During her short time at Arlington Heights (Illinois) Park District as director of marketing and community engagement, Amy Seklecki already has made an immediate impact. She coordinated a listening tour with the executive director that made 12 stops around the community, allowing residents to provide feedback on the park district’s strengths and areas for improvement. Seklecki joined the agency’s diversity, equity and inclusion committee to create awareness and facilitate change. She was part of the first-ever Heritage Fest, which celebrated the diversity in the Arlington Heights community. At the state level, she has served as chair of the Special Event Committee with the Illinois Park and Recreation Association.

Rachel Smith, CPRP, 27

Operations Manager, James City County Parks and Recreation (VA)

Rachel Smith began her career as a therapeutic recreation specialist working part time with dementia and Alzheimer’s patients while attending college. After graduating, she joined the Lynchburg (Virginia) Parks and Recreation Department (LPRD) as a community recreation programmer. At LPRD, Smith conducted 225 new programs focused on health and wellness, technology, enrichment and art education. She coordinated programs and was tasked with renovating the Jackson Heights Art Studio, which provides pottery and stained-glass programs. Smith created an open, caring and inviting relationship with participants at the art studio. In 2022, she joined James City County, Virginia, as operations manager — overseeing programming and special events, which include a pottery program.

Harper Steinbach, 26

Program Manager, North Suburban Center for the Arts (MN)

Harper Steinbach’s work has directly increased food access for underserved populations. As community engagement coordinator at the City of Robbinsdale, Minnesota, they secured a black-owned farmers market through a joint memorandum of understanding. They also successfully rebooted the community garden by cultivating donor support and obtaining grant money to fund the project entirely. Steinbach’s work has helped organizations market and reach out to their diverse communities in a gender-confirming and welcoming way. This past summer, they worked on placemaking through a Cultivate Art grant they obtained from Hennepin County. Steinbach currently serves as program manager at North Suburban Center for the Arts.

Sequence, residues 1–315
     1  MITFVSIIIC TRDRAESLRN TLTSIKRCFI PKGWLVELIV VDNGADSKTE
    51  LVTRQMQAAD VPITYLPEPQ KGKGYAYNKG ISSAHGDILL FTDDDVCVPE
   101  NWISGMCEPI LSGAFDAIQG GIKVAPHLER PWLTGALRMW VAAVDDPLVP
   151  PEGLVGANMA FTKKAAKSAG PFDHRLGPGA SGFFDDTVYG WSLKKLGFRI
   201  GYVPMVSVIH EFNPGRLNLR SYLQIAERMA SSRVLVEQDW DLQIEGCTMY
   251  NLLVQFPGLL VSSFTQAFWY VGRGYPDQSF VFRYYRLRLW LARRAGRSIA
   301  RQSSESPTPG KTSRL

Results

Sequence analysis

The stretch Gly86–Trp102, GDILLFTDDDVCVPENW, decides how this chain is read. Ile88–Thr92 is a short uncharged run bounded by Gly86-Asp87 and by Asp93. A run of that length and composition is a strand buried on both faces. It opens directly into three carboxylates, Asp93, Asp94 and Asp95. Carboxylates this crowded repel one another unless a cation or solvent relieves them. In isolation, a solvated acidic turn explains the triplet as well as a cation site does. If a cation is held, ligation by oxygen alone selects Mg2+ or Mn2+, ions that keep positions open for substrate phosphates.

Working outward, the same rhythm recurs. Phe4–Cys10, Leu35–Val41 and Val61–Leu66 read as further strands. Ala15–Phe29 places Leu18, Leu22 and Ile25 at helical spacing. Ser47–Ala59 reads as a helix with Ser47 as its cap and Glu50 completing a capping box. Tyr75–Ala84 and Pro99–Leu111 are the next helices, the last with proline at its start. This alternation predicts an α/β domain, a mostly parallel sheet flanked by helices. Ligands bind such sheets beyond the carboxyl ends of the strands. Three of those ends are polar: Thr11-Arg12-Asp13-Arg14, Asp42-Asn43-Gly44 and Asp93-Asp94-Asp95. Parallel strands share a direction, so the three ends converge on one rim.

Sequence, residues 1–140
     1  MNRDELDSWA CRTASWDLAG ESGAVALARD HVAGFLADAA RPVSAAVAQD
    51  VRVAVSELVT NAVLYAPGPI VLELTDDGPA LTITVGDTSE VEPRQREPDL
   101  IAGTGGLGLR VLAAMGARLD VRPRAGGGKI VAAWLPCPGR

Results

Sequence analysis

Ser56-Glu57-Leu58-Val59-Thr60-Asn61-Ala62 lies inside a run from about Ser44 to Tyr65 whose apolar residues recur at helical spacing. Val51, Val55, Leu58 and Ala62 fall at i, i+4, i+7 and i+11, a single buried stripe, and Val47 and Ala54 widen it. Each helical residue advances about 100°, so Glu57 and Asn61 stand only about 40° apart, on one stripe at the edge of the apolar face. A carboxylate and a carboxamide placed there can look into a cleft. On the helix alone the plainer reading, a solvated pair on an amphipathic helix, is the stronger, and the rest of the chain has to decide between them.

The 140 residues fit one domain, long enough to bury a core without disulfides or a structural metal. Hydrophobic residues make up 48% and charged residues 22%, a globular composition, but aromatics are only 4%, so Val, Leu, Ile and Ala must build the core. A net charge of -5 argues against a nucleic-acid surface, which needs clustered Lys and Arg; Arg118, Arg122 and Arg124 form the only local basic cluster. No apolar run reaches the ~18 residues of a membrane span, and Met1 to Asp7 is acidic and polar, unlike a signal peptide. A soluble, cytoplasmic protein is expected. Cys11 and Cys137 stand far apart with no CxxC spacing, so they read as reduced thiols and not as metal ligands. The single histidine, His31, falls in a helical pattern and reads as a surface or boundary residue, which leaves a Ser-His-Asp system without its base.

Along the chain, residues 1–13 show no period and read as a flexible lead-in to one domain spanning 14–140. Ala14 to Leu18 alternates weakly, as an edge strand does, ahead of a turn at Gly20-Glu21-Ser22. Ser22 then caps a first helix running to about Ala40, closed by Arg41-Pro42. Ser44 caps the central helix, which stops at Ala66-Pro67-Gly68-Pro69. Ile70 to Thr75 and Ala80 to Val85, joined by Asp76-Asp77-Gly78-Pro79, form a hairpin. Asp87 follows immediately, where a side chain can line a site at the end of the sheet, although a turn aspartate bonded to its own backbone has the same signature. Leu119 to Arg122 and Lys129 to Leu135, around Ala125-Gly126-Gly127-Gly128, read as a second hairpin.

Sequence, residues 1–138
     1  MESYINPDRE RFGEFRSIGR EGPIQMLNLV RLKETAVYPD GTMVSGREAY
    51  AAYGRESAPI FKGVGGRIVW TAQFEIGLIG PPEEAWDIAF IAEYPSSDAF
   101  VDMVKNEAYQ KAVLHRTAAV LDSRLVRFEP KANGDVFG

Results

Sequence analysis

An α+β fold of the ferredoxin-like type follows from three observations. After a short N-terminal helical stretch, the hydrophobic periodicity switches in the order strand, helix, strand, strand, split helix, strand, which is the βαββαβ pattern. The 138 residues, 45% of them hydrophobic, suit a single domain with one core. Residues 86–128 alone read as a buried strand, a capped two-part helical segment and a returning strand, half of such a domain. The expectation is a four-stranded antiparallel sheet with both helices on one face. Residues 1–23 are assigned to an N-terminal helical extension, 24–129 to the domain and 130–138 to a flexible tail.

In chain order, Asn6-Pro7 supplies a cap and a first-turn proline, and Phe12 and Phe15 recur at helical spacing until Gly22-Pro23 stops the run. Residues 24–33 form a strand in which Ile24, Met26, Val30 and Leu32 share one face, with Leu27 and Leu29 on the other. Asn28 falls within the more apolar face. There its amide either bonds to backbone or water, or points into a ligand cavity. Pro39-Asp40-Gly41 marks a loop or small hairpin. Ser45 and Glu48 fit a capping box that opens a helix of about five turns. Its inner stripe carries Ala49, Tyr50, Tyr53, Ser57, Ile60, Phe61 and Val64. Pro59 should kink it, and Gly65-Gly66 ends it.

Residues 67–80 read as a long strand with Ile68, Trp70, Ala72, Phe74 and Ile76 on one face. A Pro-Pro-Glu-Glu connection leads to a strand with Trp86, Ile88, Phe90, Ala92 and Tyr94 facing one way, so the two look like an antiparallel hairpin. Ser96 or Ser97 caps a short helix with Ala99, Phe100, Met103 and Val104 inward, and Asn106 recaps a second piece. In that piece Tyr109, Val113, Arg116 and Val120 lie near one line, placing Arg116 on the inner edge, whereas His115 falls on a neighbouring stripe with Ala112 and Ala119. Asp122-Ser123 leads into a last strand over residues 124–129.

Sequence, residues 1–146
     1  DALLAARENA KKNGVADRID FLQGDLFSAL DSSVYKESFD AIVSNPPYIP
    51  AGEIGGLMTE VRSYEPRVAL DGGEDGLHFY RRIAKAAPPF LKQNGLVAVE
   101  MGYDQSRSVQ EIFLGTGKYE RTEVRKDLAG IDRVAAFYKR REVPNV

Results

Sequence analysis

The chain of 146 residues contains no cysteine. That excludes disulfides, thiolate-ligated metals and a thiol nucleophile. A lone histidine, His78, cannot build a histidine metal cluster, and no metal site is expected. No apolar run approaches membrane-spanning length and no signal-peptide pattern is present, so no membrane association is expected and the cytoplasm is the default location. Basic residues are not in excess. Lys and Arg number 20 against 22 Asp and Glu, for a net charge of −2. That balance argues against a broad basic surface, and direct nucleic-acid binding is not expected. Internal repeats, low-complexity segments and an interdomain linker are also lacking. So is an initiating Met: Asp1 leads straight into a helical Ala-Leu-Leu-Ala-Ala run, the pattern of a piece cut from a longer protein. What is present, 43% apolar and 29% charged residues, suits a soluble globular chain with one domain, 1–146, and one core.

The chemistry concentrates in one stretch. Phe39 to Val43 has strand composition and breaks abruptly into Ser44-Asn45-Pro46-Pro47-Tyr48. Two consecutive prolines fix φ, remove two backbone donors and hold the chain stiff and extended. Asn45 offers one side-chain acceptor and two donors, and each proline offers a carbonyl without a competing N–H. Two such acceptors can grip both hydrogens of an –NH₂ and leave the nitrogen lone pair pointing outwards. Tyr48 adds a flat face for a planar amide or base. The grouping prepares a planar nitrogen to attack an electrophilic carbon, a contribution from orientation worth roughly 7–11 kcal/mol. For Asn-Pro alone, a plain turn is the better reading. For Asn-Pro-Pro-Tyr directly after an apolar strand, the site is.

Kari Truax, 25

Recreation Supervisor, Centerville-Washington Park District (OH)

Kari Truax is an up-and-comer in parks and recreation. Her heart, attitude and spirit are an energy that is contagious. She is actively engaged with the Ohio Parks and Recreation Association and is thirsty for more. Truax is presenting at the 2023 state conference about her graduate research, titled “Heartbeat of an Organization.” Her passion for connecting temporary, seasonal employees into the field of recreation is going a long way by changing training modules within the region, teaching recruitment and retention techniques, and helping tenured professionals learn how to connect with the changing needs of younger employees.

Luca Twohie, 20

Human Resources Generalist, Fairfax County Park Authority (VA)

As human resources generalist at the Fairfax County Park Authority (FCPA) in Virginia, Luca Twohie works with the staff recruitment team. In 2021, Twohie created the #joinFCPA hiring campaign, as the park authority revived programs post-COVID-19. He used market research data and collaborated with the communications team to implement an innovative online and offline marketing communication plan to fill 1,200 part-time seasonal positions. His campaigns filled hiring gaps and created FCPA brand awareness. The campaign targeted racially-diverse candidates, including college students and retirees. The nonpaid social media recruitment campaign reached 25,000 social media users, resulting in 3,500 applications and ultimately 1,100 hires.